A project called “Accessible Cybercafe for All” has begun to be developed by the Ministry of Information Technology and Telecommunication (MoITT) and the International Union of Telecommunications (ITU).
Among the goals of the MoITT are to address the digital divide by offering digital skill programs to bridge the digital gap as well as establishing accessible cybercafes for persons with disabilities.
In accordance with the Ministry of Information and Technology officials, the cybercafes will be established so that persons with disabilities will have the ability to maximize the benefits of information technology in an inclusive manner. Not only will these cafes provide state-of-the-art software, hardware, and other IT equipment, but they will also have all the tools that a person with disabilities may need in order to utilize these cafes to the maximum extent. A partnership with Special Talent Exchange Program (STEP) will also be established to provide IT training for disabled individuals in collaboration with the ministry.
MoITT officials have stated that the project will begin in Islamabad and will be expanded to other cities throughout Pakistan within the next few months. With digital skills, people with visual impairments or hearing impairments will be able to use ICT in a meaningful way for their education, for their businesses, and for their employment opportunities.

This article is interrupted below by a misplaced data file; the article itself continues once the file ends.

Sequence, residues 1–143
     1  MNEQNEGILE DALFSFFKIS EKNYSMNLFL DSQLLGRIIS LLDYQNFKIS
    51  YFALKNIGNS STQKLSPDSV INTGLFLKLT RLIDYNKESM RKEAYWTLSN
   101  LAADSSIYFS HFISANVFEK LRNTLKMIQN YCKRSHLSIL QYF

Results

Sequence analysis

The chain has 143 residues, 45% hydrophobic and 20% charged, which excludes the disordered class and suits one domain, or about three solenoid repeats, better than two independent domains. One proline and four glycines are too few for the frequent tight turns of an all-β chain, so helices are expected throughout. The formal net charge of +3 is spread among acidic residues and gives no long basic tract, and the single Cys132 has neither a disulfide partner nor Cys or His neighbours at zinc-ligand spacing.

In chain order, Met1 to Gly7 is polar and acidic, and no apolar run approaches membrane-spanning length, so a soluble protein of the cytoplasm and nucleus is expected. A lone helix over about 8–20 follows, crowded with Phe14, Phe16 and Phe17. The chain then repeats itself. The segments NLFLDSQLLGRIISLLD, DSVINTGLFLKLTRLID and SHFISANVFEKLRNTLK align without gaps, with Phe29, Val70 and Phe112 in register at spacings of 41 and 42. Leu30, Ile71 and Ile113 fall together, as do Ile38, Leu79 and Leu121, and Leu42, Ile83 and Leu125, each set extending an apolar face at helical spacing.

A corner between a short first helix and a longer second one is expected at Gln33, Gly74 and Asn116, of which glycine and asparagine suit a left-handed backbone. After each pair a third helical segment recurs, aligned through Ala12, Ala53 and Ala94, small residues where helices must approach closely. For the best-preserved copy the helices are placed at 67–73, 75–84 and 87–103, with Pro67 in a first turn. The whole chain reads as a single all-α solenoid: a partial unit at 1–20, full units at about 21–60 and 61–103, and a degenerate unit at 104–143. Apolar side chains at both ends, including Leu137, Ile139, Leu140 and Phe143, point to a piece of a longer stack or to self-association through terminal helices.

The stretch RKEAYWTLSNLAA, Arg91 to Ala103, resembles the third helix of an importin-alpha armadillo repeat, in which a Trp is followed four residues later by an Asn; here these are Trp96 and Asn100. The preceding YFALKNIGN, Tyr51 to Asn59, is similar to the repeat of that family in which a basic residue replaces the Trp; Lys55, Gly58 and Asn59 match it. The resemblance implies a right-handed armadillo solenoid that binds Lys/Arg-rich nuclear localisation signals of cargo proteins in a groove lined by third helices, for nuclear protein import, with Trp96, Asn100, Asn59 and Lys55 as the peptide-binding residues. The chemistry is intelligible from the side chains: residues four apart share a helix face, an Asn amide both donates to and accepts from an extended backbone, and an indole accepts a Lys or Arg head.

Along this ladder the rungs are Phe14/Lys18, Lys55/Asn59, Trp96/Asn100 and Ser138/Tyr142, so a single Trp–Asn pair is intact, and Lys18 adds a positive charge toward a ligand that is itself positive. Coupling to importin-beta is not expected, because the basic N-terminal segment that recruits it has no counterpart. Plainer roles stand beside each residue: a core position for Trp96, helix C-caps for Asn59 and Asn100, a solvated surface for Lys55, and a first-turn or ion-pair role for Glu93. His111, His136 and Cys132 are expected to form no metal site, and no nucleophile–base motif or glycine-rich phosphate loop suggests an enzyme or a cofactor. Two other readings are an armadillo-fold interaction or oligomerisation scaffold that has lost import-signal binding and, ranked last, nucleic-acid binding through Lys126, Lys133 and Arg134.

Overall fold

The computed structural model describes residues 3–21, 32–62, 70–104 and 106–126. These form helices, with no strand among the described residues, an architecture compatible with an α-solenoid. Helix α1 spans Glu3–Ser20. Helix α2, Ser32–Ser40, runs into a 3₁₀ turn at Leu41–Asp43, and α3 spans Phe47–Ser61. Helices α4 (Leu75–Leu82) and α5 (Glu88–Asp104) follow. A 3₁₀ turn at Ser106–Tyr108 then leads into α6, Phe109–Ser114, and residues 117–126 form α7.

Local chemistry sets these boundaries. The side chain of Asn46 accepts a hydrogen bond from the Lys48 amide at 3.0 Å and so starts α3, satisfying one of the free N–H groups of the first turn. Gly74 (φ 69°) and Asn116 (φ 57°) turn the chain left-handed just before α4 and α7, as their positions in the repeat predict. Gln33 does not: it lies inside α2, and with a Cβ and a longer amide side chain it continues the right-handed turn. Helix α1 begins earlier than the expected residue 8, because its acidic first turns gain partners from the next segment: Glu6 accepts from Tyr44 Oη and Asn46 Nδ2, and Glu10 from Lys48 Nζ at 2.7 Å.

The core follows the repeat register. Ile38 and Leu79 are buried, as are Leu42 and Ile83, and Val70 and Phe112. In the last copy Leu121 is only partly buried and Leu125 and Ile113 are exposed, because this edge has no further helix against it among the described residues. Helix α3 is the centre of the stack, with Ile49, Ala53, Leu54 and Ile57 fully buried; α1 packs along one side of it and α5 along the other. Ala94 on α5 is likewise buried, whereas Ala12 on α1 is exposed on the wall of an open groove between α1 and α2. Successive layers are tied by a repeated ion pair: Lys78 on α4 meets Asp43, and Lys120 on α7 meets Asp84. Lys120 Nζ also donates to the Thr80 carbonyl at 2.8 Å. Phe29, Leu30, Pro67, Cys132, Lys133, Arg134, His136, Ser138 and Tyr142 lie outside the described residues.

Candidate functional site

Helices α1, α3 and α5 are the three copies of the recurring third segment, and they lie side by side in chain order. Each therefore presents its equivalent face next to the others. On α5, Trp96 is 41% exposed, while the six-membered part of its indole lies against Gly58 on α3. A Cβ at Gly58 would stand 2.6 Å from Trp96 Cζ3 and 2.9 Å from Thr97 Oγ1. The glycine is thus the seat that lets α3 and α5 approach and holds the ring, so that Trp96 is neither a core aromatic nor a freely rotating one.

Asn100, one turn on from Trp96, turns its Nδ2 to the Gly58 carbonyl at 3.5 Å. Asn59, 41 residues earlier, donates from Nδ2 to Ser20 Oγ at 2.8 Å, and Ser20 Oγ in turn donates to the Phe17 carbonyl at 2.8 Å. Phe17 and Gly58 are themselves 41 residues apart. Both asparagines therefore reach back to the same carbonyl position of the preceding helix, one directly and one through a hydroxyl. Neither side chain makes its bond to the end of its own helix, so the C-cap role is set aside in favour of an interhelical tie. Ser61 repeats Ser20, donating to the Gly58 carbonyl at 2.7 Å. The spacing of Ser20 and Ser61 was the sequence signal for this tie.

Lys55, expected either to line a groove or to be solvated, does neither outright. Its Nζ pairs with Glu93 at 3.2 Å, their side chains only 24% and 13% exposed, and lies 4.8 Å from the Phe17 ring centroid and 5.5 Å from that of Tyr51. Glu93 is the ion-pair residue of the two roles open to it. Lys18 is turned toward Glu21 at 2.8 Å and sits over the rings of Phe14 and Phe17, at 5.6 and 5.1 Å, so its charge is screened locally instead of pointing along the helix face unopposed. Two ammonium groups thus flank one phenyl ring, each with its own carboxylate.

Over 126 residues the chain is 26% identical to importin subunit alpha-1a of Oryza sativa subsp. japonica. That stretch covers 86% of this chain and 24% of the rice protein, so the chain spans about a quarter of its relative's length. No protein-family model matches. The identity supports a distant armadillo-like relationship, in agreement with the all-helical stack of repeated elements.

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In order to ensure the accessibility of ICTs for persons with disabilities, the ministry has formed a National ICT Council. Representatives from other organizations are also included in this council, including representatives from telecommunications companies. As part of its work to increase digital inclusion of persons with disabilities, the council provides them with training and outlines policies and procedures to help them become involved in the IT sector.
As of 2017, according to the Global Burden of Diseases, Injuries, and Risk Factors study, there are 9 million blind people in Pakistan who have severe or moderate visual impairment, according to the study. This does not include the 12.64 million people who live with Presbyopia, a condition where your eye gradually loses its ability to focus on objects in close proximity as you age.
According to the World Health Organization, 5% of each country’s population is affected by some form of hearing impairment, which equates to a total of approximately 10 million people in Pakistan with some sort of hearing impairment.